Now, here's the awkward part. Suppose we straight-up tell you that a thoroughly shuffled deck will produce a sequence that no one has ever come up with before. What would you say?
We don't know for sure because we don't know you. But we suspect you'd argue that, no, it's not certain. Likely, but not certain. Very likely, just as 99.7% is very likely, but it's not certain. In reality, the chance of that shuffle having come up before in playing cards' 3,000-year history, during which only 110 billion people have lived, is impossibly, infinitesimally small, so small that most calculators and spreadsheets just show the probability of a fresh shuffle as "100%" rather than the figure we printed above. And yet instinct makes you stubbornly insist there's a chance the shuffle came up before.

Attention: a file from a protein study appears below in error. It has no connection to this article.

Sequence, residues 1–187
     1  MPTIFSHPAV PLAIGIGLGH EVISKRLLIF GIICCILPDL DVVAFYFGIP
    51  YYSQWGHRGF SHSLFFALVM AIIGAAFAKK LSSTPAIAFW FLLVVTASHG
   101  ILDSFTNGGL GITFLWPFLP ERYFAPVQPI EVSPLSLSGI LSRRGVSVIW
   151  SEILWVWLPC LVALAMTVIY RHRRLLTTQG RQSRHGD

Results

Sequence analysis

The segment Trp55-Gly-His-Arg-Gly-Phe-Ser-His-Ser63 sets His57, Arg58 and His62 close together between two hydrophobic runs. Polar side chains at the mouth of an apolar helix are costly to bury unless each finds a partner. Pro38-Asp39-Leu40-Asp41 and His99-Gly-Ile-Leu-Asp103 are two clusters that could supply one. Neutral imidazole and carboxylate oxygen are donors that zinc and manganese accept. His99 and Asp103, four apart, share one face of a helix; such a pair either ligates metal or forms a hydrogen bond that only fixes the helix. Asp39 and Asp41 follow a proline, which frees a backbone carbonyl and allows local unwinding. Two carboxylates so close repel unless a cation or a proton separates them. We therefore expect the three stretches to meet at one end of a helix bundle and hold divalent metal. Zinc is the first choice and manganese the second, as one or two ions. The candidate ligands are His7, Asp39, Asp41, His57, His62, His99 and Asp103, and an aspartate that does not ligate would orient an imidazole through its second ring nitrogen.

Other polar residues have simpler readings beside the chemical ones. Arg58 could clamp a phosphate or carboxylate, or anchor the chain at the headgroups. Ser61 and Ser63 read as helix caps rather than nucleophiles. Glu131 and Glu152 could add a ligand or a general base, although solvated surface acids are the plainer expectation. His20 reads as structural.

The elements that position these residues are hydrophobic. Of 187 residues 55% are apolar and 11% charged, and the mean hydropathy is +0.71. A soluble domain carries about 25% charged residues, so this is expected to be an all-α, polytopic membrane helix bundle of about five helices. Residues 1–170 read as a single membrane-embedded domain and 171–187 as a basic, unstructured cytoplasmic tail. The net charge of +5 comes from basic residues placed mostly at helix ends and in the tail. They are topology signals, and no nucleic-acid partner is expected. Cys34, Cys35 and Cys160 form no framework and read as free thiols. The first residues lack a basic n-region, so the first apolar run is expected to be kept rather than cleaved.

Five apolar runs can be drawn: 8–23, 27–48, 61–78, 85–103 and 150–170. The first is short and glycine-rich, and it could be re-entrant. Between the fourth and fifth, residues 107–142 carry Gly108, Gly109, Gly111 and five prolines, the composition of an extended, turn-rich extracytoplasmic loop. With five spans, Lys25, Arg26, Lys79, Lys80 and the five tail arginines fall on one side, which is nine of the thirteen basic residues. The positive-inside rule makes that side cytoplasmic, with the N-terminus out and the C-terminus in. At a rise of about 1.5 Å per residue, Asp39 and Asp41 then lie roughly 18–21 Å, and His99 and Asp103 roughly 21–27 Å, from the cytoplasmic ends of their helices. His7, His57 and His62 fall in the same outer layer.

You'd probably fiercely resist even rounding the probability to 100%, thinking it fairer to call it 99.99%—even though the probability is closer to 100 than 99.99, by a factor of several trillion quadrillion. That's because people can only interpret probability as "quite certain," like 99.99 or 99.7% certain or whatever, and have no way of really understanding anything more than that.
Let's try to illustrate the difference between 99.99% and the actual probability here for you. Let's say there's a 99.99% chance you won't catch COVID today. Sounds good! But if all 7 billion people in the world have that chance, then we can expect 700,000 people to get COVID today, which isn't very good (and with a 99.7% of escaping COVID, 21 million would catch it today, which isn't very good at all). On the other hand, if everyone has a 100-(1/52!) percent chance of eluding COVID today, we can expect no one to get COVID today, and no one to get it in a million billion trillion years.